post-2301-0-86110300-1458304711_thumb.jpg post-2301-0-16333000-1458304682_thumb.jpg

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PA Fossil Finder    55
PA Fossil Finder

There are some similarities with your denticle and some that occur on male Rhinobatos. Here is a picture of some Rhinobatos denticles. The ones labeled "G" look a little similar. Rhinobatos occurs in the STH fauna.

attachicon.gifrhinobatosdrawing.jpg attachicon.gifrhinobatosdrawingmale.jpg

Yes, those denticles do look similar. Where did you find those illustrations? I've been looking for better ways to identify my denticles.

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Al Dente    1,514
Al Dente

Yes, those denticles do look similar. Where did you find those illustrations? I've been looking for better ways to identify my denticles.

These are from "Fishes of the Western North Atlantic" a multivolume set by Bigelow and Shroeder written in the 1950s. I only have two of the volumes, one dealing with sharks and another with rays. They had line drawings of the denticles and teeth of the sharks and started on the rays but after the first several species of rays they quit showing the denticles. Too bad.

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Herb    373
Herb

In a recent post about denticles (here), it was mentioned that most of the dermal denticles we find are usually from rays, and not sharks. Ray denticles are much larger than most shark denticles, especially the big sharp thorns common on some rays. I was determined to finally find a few nice shark denticles for my collection - I've already got plenty of ray denticles, but I had never found any from Cenozoic sharks (I have a few tiny Paleozoic denticles, but those are much different looking).

Shark Tooth Hill is a site near Bakersfield, California. It is Middle Miocene in age. I had some left over microfossil matrix that I had searched already. I'm glad I saved it! I poured out the silt and tiny pebbles from the bottom of the bag and put it into a small vial. I filled it with some water, shook it up, and poured out the finest silt and water. I repeated this process until only the sand and tiny grains of gravel were left at the bottom. I let it dry overnight, and today I searched a little under my microscope. I was surprised to find a few very small fish teeth (most were less than 1 mm long), and I also think I found my first shark denticles from this site!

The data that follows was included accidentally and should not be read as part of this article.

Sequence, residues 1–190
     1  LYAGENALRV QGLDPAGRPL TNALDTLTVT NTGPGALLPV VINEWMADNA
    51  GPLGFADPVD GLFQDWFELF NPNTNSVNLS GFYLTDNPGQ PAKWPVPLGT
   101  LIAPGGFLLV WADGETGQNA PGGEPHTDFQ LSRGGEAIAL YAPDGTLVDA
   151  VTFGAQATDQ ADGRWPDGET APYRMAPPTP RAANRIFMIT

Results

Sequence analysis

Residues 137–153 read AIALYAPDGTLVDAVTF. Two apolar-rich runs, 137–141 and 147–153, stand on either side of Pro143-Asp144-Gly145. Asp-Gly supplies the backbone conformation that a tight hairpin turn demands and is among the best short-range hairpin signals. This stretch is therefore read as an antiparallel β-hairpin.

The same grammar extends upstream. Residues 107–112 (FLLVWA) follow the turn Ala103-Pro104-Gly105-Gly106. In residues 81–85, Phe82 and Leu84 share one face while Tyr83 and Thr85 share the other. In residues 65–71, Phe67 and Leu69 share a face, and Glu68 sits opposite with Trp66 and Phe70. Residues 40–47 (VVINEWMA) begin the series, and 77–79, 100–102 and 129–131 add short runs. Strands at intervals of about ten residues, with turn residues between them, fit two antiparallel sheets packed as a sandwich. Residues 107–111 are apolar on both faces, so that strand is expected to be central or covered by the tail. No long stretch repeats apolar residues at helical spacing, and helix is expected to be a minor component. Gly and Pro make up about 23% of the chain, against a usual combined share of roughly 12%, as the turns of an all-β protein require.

attachicon.gifShark Denticle 1, Shark Tooth Hill CA.jpg attachicon.gifShark Denticle 2, Shark Tooth Hill CA.jpg attachicon.gifShark Denticle 3, Shark Tooth Hill CA.jpg

I was experimenting with a cheap new digital microscope to get these photos - the camera on the microscope doesn't have the greatest resolution and can only seem to capture small images, so I combined four views of each denticle for these pictures.

nice pics

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PA Fossil Finder    55
PA Fossil Finder

I found another nice shark denticle yesterday.

post-10984-0-03036500-1460059237_thumb.jpg

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old bones    146
old bones

These are great! You are getting quite a unique collection together. :)

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PA Fossil Finder    55
PA Fossil Finder

As I've already stated earlier in this thread, the shark denticles I found in the fine sand and silt from Sharktooth Hill are the first Cenozoic denticles I've collected. However, I do have some from older time periods. So, I thought I'd share some pictures of a few older shark denticles - here are a few from the Late Triassic.

post-10984-0-89211900-1460248957_thumb.jpg post-10984-0-99990300-1460248958_thumb.jpg post-10984-0-07058400-1460248960_thumb.jpg

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ynot    2,050
ynot

NICE!!!

Tony

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Mediospirifer    95
Mediospirifer

Very nice!!!

Makes me think I need to search through the finer fractions from the various sharktooth matrices I have. I've been busy with searching larger matrix, photographing and mounting conodonts, arranging and catalogging larger fossils in Riker boxes, and various work around the house and yard now that we have some warmer weather. I'll soon be adding soaking and washing micromatrix to my list of fossil-related things to do! And, of course, collecting more...